Conservative Senator Blasts Obama’s Pick for Secretary of Education!

Here at Eagle Rising we sure do love Senator [score]Mike Lee[/score] (R-UT). Sure, he’s among the MOST conservative representatives in Congress, but that’s not the only reason we’re such big fans. He has earned our support because he is so willing to stand up and speak the truth on so many different political subjects. Whether standing with [score]Ted Cruz[/score] against Obamacare, or with [score]Rand Paul[/score] against attacks 1st and 4th Amendment, or with [score]Marco Rubio[/score] on reforming our awful tax system – Senator Lee always seems to be standing on the right side of the political debate (even when he’s not the one leading the charge). For that, we thank him.

He recently showed his grit and wisdom by once again standing against President Obama, this time against federal overreach in public education.

(The video is embedded using Facebook. If you do not have a Facebook account you can see the full video here – starting around the 2:07:00 mark.)

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Senator Lee Votes Against John King as Secretary of Education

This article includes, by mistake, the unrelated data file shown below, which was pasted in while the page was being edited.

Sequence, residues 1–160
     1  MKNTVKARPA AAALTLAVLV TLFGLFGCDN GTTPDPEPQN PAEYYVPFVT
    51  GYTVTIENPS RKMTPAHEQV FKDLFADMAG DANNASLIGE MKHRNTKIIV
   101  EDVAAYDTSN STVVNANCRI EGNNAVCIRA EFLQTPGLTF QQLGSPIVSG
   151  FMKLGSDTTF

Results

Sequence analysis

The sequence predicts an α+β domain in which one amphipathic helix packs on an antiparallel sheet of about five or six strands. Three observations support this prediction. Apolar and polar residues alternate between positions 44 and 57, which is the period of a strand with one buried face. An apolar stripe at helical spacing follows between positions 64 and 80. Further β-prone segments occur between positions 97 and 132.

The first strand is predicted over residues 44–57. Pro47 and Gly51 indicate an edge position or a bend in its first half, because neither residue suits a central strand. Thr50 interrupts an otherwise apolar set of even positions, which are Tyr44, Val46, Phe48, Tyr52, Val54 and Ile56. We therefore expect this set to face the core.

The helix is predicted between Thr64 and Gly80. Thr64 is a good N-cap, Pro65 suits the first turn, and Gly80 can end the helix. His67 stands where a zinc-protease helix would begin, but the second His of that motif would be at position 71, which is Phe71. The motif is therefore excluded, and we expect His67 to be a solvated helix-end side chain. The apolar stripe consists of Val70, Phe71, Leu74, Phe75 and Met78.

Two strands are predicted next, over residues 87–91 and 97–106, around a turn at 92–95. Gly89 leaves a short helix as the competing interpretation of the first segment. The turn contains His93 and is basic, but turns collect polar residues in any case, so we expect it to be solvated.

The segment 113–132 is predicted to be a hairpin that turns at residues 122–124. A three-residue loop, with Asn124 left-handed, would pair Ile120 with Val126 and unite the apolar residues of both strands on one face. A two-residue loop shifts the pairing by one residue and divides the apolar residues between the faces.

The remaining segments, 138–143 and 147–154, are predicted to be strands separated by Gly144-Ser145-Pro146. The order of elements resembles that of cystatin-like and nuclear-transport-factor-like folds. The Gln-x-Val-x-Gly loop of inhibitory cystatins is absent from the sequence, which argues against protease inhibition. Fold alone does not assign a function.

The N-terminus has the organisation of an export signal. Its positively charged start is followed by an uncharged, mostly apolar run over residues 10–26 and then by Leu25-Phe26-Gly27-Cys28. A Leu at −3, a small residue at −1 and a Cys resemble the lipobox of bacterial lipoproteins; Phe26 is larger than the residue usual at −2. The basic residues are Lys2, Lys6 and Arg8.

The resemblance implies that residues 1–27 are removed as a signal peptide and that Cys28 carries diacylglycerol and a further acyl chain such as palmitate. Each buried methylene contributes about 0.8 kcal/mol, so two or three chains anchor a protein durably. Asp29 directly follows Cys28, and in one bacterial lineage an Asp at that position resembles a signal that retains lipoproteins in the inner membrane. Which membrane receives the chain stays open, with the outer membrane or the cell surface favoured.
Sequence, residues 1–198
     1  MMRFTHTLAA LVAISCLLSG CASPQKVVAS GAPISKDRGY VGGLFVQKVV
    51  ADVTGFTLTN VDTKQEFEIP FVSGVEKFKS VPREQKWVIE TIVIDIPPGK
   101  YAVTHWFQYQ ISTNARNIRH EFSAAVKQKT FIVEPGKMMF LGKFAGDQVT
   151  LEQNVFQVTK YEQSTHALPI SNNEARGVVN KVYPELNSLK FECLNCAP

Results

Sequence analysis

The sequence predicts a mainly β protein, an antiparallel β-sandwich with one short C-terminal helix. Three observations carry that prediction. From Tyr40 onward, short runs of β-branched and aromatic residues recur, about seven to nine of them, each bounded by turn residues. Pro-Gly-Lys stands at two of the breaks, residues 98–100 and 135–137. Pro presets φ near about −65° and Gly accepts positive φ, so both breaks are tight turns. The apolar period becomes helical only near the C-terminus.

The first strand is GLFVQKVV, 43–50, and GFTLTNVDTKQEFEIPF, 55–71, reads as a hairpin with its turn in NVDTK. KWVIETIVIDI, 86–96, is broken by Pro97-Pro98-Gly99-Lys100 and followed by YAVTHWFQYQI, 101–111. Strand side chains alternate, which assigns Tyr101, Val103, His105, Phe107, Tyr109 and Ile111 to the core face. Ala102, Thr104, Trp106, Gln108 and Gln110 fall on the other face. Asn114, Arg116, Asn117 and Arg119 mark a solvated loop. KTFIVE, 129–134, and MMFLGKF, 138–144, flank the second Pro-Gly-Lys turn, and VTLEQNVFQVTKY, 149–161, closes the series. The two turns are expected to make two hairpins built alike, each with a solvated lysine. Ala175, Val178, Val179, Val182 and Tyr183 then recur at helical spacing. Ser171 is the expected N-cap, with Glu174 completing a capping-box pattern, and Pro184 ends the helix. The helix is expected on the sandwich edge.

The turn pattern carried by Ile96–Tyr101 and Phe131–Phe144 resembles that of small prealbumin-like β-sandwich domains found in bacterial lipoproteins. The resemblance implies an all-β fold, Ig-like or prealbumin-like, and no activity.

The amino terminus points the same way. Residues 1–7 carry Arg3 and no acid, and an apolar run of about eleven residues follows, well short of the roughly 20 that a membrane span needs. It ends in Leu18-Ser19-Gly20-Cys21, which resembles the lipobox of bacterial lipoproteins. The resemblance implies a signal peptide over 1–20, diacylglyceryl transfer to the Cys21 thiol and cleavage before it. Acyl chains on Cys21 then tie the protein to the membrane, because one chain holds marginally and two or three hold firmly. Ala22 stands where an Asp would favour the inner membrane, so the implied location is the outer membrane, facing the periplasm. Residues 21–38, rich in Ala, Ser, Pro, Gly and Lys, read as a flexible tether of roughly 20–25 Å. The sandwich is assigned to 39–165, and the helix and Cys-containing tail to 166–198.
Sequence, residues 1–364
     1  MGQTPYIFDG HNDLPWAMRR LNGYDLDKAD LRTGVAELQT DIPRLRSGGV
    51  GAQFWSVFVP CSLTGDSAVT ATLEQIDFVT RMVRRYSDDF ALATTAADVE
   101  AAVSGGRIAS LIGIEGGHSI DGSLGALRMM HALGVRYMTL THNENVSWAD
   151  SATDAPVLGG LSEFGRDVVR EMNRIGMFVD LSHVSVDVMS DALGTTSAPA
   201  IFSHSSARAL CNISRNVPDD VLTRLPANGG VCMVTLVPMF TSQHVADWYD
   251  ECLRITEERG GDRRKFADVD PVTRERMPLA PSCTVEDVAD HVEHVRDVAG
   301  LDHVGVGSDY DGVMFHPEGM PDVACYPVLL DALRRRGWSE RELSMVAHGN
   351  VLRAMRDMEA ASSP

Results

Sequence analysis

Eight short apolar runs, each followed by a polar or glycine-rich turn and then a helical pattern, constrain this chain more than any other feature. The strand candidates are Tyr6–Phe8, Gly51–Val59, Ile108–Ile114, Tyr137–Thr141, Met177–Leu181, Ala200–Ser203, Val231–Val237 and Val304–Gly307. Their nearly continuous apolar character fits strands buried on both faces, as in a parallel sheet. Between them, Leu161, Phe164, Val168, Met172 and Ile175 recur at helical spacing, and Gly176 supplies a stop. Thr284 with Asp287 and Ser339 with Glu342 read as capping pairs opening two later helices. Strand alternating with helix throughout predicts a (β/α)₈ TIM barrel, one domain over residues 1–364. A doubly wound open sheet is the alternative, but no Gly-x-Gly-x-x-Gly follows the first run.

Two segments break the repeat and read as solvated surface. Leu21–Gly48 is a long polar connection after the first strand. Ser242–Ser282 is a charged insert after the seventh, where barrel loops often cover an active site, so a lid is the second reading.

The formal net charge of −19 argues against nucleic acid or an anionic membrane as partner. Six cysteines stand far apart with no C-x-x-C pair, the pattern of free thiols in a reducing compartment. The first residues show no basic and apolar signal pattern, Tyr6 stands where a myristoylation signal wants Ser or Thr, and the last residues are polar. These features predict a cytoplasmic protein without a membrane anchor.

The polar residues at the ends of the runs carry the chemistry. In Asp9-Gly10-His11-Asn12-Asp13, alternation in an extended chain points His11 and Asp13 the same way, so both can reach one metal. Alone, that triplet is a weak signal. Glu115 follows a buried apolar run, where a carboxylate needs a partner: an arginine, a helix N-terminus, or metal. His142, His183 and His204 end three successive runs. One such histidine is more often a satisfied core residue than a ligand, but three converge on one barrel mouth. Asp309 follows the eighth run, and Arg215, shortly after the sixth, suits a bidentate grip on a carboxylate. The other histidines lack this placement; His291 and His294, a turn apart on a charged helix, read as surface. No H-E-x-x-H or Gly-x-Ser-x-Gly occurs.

Today I voted against confirming John King as the next Secretary of Education. I have studied Dr. King’s professional record – most notably his time in New York’s Department of Education. And I have reviewed the transcripts of his confirmation hearing.Based on the policies that he has supported, the bipartisan opposition he has invited throughout his career, and his uncompromising commitment to the designs of bureaucrats and central planners over the lived experiences of parents and teachers, I believe it would be a grave error for the Senate to confirm Dr. King’s nomination at this time.If confirmed, Dr. King would serve as the head of the Department for ten months, until January 2017, when the next president is sworn into office. This may sound like an insignificant amount of time for a cabinet secretary to serve.But in reality, the next ten months are crucially important to the future of federal education policy in America.Just a few months ago, Congress passed and President Obama signed the “Every Student Succeeds Act,” or ESSA – a bill that reauthorized the law governing federal K-12 education policy. And now the Department of Education will begin implementing the ESSA, which will set the course of the Department for years to come.So what happens over the next ten months within the Department of Education will have sweeping, far-reaching consequences for America’s schools, teachers, and students… consequences that will affect not just the quality of education students receive as children, but the quality of life available to them as adults.One of the most serious flaws of the ESSA – and one of the primary reasons I voted against the bill – is that it reinforces the same K-12 model that has trapped so many kids in failing schools and confined America’s education system to a state of mediocrity for half a century… this is a model that concentrates authority over education decisions in the hands of federal politicians and bureaucrats, instead of parents, teachers, principals, and local school boards.And there is no government official who is granted more discretion or more authority under the ESSA than the Secretary of Education.The ESSA purports to reduce the federal government’s control over America’s classrooms, by returning decision-making authority to parents, educators, and local officials.For instance, there are several provisions that prohibit the Secretary of Education from controlling state education plans or coercing states into adopting federal standards and testing regimes.But when you look at the fine print, you see that in most cases these prohibitions against federal overreach contain no enforcement mechanisms – only vague, aspirational statements encouraging the Secretary to limit his own powers.So the question is: if confirmed as Secretary of Education, would Dr. King adhere to the spirit of the ESSA and voluntarily return decision-making authority to parents, teachers, and local officials? There is little reason to believe that he would.Dr. King’s former boss and would-be predecessor, Arne Duncan, certainly had no qualms about violating similar prohibitions against federal overreach found in No Child Left Behind. Nor has he shied away from advertising the fact that ESSA would function in much the same way as No Child Left Behind.In an interview with Politico, Duncan discussed whether the ESSA would, in fact, reduce the federal government’s control over America’s classrooms. He was asked “How do you respond to the notion that you’ve had your wings clipped on your way out the door?”This was Duncan’s response: “…candidly, our lawyers are much smarter than many of the folks who were working on this bill.”In other words, Congress can write whatever bill it wants, and the administration’s lawyers will be able to figure out a way to implement it according to the preferences of the cabinet secretaries and their armies of bureaucrats.This is certainly a brazen admission of bureaucratic arrogance by former Secretary Duncan. But it is exactly in line with the way that Dr. King approached his job as education commissioner of New York just a few years ago.